Yah, the bolt ropes are a problem, as well as having to make too large stitches, scale stitches would disappear except in really large scales.

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Bolt-ropes are sewn on in a paticular way.  They do not attach to the edge of the cloth, but actually lie ON the cloth.  On square sails the lie on the forward face of the sail so they are less apt to rub on shrouds, etc behind the sail.

 

post-961-0-50987900-1484425462_thumb.jpg

 

post-961-0-76635200-1484424724_thumb.jpg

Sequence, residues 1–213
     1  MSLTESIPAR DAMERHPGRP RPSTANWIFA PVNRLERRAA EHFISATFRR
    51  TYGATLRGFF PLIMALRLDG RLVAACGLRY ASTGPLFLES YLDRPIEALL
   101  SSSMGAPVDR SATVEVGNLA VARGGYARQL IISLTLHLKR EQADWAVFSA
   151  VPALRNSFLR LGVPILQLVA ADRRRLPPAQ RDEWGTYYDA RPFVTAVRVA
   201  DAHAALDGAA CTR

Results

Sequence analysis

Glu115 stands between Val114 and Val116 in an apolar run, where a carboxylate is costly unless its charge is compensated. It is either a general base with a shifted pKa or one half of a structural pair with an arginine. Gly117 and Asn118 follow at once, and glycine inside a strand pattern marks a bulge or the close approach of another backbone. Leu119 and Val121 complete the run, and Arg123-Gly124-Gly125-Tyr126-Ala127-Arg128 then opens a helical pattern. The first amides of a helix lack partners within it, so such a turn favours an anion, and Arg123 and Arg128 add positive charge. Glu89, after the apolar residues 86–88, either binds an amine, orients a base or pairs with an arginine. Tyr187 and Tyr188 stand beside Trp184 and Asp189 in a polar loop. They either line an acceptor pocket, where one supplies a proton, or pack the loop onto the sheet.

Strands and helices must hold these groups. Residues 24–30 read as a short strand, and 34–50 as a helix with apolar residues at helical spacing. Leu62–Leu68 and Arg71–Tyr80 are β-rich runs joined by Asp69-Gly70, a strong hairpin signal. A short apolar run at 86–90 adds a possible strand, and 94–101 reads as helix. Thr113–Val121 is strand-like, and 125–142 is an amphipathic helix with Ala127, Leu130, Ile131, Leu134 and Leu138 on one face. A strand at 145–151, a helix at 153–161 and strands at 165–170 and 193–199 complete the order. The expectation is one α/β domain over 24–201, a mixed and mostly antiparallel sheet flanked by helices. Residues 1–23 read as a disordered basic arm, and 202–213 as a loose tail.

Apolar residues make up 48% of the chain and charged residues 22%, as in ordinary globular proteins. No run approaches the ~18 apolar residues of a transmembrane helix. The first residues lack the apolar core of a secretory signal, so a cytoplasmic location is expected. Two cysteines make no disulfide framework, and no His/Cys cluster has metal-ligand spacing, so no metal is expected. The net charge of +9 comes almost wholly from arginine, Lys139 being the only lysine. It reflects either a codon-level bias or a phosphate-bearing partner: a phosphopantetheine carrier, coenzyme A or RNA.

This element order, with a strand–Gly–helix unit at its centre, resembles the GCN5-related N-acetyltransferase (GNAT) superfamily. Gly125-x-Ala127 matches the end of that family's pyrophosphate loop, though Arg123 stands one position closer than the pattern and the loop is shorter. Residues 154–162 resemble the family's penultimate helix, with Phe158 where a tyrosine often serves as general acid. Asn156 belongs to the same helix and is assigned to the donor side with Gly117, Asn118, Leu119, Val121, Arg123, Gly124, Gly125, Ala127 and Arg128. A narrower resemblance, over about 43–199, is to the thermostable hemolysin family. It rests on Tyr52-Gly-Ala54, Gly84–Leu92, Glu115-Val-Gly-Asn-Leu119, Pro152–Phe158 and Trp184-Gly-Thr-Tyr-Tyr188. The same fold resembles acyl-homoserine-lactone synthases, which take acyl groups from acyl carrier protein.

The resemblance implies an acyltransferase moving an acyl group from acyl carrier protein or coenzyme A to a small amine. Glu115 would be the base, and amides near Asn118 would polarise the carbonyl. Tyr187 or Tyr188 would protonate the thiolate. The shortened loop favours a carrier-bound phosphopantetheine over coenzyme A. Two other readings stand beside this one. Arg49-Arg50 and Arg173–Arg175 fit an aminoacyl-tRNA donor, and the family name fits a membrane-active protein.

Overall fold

The stitching that holds them to the sail comes out of the sail, goes over the edge and into the bolt-rope, through the sail, and goes around again and through the next strand over.  In reality the thread goes between strands and through the third, then into the sail.  Going through one strand isn't critical on a model.  The stitches advance along the sail with the lay of the bolt-rope so it buries itself in the lay of the line.  I skip 3 or 4 rope strands, where-as the real thing is stitched in every strand of the bolt-rope.  That's totally up to you.  The real thread is waxed flax, heavy and doubled.  On a model, one strand of light thread should be scale enough.  Pull it snug in the direction you're sewing towards, not back where you've already sewn or the sail will draw up and kink.  The sail will pucker a little into the lay of the rope - that's fine and as it should be, it wraps the sail around the bolt-rope.   Every so often, a few turns are made, a whipping, typically every yard or so, on either side of grommets, eyes,  and the like.  These serve as pull-stops.  If the stitching should break somewhere, being a whip-stitch it'll easily pull out, the whippings try to keep it from pulling out too far.  This obviously isn't critical on a static model, but it can be seen if you look at real sails and besides adding a touch of realism, is a good place to start a new thread because the whole thing doesn't have to be done with one length of thread.